I'll try anything once. I was intrigued. I wanted to find out more.

Cautiously walking through our ghetto urban looking backyard, out to the alley, I introduced myself, as politely and warmly as I could. He was friendly back. I asked him what he was doing. He replied, "playing firefly baseball!"

(In my little brain, I was thinking....WTF!)

He kept swinging, at what looked like nothing, but it turns out he was trying to hit lightning bugs. Such enthusiasm he had. He handed me the bat so I could try. It felt weird. Aside from there not being a pitcher, or rules for that matter, like bases to run, the idea of hitting flies with a bat just seemed stupid and meaningless, but I tried to pretend some enthusiasm.

(There were also no winners or losers so it sucked even more)

This lasted for about ten minutes, before I felt the need to return back to the safety and sanctity of my home. I think I told him I had to go. And I said it politely. I don't remember being rude about any of it. If anything, I was awkward.

When I got back to the kitchen I had told my mother what we were doing, she decided it was probably not a good idea to not play with this child anymore. I don't think I told my brother as I was embarrassed for making an effort. He would've called me a fag or a sissy (and rightfully so).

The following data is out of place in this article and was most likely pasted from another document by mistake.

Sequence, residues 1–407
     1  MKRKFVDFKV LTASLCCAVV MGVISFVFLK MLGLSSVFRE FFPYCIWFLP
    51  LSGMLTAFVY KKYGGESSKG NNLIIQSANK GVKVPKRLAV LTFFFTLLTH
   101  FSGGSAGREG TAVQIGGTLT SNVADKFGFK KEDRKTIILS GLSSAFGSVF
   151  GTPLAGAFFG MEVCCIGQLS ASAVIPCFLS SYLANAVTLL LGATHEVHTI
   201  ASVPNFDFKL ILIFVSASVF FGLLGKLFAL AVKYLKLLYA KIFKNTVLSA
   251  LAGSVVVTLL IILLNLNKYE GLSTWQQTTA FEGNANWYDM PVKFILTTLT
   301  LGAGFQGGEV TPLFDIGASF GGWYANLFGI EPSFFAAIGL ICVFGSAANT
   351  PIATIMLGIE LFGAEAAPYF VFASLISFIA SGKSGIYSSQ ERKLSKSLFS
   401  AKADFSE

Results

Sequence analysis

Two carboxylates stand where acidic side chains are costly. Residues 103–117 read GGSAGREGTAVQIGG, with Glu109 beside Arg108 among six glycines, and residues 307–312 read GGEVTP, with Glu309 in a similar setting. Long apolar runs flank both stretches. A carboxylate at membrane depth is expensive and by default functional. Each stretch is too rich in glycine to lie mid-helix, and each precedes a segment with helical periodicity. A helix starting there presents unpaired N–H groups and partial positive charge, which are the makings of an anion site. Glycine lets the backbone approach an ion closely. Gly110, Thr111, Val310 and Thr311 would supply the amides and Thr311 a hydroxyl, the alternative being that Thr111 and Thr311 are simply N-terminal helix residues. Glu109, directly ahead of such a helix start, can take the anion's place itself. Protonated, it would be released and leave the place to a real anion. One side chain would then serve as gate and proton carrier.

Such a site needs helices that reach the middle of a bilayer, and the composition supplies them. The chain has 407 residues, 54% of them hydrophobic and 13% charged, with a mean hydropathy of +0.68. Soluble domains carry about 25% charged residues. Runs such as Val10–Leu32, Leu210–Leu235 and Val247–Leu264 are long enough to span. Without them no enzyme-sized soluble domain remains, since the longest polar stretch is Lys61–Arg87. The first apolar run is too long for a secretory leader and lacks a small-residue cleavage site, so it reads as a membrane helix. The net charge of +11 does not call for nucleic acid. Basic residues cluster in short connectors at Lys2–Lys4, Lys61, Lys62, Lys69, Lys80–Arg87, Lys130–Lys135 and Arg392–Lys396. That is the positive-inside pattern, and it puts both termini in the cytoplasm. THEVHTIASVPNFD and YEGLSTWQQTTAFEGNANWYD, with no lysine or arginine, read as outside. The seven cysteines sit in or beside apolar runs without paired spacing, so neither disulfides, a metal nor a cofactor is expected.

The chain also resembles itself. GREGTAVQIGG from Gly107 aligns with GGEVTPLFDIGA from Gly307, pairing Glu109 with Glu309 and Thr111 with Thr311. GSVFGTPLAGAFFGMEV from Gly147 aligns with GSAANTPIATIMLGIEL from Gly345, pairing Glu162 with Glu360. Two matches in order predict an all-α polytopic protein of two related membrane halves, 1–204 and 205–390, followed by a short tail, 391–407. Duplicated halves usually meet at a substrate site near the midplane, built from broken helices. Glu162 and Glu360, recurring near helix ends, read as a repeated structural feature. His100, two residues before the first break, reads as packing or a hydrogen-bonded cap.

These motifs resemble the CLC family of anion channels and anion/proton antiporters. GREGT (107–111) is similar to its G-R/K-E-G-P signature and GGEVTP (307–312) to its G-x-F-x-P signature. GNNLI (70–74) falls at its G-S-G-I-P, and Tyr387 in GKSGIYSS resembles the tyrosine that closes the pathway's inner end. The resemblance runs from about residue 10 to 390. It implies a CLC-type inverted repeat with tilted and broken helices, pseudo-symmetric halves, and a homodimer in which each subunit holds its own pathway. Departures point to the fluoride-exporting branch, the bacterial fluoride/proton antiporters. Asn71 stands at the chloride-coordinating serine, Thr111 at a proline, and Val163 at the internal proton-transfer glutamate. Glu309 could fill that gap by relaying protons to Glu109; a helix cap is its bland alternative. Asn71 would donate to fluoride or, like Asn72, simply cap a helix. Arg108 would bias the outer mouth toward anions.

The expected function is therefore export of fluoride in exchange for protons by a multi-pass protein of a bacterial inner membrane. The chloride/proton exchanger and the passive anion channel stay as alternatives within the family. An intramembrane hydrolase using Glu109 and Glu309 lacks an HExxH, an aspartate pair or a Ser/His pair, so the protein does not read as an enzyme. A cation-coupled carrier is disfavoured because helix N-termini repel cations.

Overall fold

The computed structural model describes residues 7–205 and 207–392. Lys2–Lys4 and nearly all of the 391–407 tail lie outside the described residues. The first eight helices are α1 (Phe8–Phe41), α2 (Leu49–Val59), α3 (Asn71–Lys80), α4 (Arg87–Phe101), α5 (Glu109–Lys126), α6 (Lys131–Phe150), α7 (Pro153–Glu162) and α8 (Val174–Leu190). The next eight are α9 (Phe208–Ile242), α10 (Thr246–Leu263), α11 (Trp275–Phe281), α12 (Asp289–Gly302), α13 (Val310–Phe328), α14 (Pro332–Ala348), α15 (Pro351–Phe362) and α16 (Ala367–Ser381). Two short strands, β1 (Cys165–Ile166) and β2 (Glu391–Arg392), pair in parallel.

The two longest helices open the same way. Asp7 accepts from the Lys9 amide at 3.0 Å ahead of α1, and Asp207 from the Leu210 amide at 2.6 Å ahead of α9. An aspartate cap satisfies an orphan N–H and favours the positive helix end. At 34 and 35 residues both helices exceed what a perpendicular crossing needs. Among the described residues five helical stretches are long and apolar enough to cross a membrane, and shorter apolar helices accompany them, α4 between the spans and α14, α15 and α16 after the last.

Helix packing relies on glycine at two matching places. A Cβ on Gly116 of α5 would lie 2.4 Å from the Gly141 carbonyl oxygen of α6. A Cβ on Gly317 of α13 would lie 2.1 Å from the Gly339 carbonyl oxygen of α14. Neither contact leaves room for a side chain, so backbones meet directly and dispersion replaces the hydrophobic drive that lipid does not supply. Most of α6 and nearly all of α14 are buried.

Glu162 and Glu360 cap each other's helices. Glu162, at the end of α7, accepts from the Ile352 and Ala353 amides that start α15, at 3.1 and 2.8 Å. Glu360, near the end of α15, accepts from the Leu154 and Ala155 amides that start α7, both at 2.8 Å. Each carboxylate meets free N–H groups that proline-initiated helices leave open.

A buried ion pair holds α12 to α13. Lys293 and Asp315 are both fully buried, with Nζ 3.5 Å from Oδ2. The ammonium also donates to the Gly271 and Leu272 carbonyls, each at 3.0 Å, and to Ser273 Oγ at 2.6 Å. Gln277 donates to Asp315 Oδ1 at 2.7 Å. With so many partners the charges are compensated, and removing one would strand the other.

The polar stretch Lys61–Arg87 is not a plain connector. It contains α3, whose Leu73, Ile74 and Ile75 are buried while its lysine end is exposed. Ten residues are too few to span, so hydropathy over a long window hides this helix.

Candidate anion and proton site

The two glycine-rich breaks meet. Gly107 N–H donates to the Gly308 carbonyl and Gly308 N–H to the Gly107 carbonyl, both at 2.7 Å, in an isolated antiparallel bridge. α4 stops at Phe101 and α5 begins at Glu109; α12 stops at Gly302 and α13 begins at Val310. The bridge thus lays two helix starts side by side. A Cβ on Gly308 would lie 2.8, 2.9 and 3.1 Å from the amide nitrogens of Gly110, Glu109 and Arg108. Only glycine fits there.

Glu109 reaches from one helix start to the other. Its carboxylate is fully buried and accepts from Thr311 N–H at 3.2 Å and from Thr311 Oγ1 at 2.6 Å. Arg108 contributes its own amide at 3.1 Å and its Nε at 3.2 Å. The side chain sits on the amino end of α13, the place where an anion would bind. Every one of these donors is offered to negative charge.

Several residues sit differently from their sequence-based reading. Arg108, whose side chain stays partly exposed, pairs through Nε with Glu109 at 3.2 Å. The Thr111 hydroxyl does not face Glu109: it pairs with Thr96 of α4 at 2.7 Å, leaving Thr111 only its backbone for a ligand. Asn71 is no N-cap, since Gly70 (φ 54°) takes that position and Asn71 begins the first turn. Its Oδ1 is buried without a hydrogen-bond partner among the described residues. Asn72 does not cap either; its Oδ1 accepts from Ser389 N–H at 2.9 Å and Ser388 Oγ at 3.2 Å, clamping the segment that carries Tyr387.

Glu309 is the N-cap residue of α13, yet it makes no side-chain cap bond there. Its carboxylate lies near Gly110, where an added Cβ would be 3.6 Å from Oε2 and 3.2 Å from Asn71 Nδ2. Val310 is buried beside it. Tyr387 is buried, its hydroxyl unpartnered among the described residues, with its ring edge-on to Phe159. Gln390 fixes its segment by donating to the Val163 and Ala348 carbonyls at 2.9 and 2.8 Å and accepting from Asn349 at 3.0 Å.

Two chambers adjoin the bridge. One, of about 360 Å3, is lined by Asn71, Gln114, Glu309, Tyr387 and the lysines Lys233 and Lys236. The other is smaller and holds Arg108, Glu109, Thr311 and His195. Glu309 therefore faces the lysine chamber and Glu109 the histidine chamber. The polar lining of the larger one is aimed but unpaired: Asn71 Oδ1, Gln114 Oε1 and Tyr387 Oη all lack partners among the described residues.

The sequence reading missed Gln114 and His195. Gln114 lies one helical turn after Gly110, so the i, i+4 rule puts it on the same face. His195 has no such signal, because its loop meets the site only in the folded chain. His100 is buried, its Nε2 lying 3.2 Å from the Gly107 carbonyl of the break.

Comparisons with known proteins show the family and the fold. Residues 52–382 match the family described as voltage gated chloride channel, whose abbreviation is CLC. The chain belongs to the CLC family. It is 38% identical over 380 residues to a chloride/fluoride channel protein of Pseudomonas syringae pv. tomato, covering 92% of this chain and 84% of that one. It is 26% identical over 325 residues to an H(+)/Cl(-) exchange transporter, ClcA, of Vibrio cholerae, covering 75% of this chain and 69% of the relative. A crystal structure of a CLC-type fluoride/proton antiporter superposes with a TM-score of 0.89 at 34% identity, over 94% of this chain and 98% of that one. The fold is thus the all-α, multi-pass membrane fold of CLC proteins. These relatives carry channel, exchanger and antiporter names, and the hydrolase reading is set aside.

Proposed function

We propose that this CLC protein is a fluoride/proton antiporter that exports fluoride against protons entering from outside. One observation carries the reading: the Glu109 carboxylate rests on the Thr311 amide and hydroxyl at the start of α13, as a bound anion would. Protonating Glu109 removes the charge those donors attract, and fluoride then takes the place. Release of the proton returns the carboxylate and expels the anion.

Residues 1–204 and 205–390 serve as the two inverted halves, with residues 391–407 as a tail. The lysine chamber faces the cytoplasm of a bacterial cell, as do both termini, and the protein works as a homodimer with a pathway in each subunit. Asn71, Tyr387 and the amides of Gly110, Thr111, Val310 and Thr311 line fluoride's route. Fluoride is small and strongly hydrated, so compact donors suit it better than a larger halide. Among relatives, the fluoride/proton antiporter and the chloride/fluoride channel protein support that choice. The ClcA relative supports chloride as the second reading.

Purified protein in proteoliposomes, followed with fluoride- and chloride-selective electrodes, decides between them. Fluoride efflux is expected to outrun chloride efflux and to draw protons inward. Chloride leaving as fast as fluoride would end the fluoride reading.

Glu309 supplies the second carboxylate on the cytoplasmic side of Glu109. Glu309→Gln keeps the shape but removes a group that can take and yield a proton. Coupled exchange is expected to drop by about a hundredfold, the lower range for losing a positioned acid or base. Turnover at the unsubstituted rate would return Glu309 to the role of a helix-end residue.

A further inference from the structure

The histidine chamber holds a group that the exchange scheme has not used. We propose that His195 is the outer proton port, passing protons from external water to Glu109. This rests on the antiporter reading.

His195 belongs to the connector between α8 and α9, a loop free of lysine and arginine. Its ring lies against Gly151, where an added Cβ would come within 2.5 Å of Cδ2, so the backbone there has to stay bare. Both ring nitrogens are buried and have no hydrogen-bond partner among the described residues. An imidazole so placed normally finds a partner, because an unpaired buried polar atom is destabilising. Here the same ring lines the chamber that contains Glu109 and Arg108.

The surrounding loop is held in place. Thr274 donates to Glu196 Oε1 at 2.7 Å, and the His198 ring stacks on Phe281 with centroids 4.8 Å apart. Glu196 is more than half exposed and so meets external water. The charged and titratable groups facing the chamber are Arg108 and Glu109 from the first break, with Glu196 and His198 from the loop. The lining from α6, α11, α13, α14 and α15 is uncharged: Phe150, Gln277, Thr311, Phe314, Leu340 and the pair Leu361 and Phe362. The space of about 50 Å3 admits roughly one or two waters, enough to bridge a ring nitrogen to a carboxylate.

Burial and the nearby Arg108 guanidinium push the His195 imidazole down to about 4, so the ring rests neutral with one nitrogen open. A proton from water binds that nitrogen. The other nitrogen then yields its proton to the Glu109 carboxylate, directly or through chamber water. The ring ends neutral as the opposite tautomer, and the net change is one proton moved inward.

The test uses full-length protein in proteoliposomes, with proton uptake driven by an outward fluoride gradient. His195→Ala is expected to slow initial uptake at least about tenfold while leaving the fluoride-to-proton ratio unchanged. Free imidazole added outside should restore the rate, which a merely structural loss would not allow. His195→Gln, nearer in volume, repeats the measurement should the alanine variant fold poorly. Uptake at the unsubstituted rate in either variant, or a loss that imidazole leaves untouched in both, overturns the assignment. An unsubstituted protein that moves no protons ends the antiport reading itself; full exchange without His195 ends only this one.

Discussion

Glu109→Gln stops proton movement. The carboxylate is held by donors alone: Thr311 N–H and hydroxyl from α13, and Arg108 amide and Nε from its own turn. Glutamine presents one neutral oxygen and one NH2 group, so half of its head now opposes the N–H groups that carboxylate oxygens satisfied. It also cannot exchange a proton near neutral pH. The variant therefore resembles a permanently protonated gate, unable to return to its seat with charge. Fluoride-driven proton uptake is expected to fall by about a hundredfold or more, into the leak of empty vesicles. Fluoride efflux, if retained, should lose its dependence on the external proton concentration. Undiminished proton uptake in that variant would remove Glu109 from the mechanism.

(I would give my mom a tough time about this years after - Accusing her of forcing me to play with that D&D freak from the across the alley)

They ended up moving a month or two later.

***I'm quite certain this child ended up being far more intelligent than me, and probably makes a lot more money than I ever will...probably has a family, kids of his own, who participate in firefly baseball every summer.

***Fuck me.

Monday, March 4, 2013

Korean Garden and Restaurant - Blue Bell, PA.

One thing that I've picked up on in the last ten years or so, is that, if an Asian puts food out in front of you, and you don't know what it is, you don't ask questions. You just eat. This goes regardless of whether it's a restaurant or a home. It always works out. You always leave happy if not amazed. Put the dietary restrictions aside, STFU, and eat!

Me and my friend headed down to the Korean Garden and Restaurant in Blue Bell last Saturday. For me it was my second time. It was worth the drive.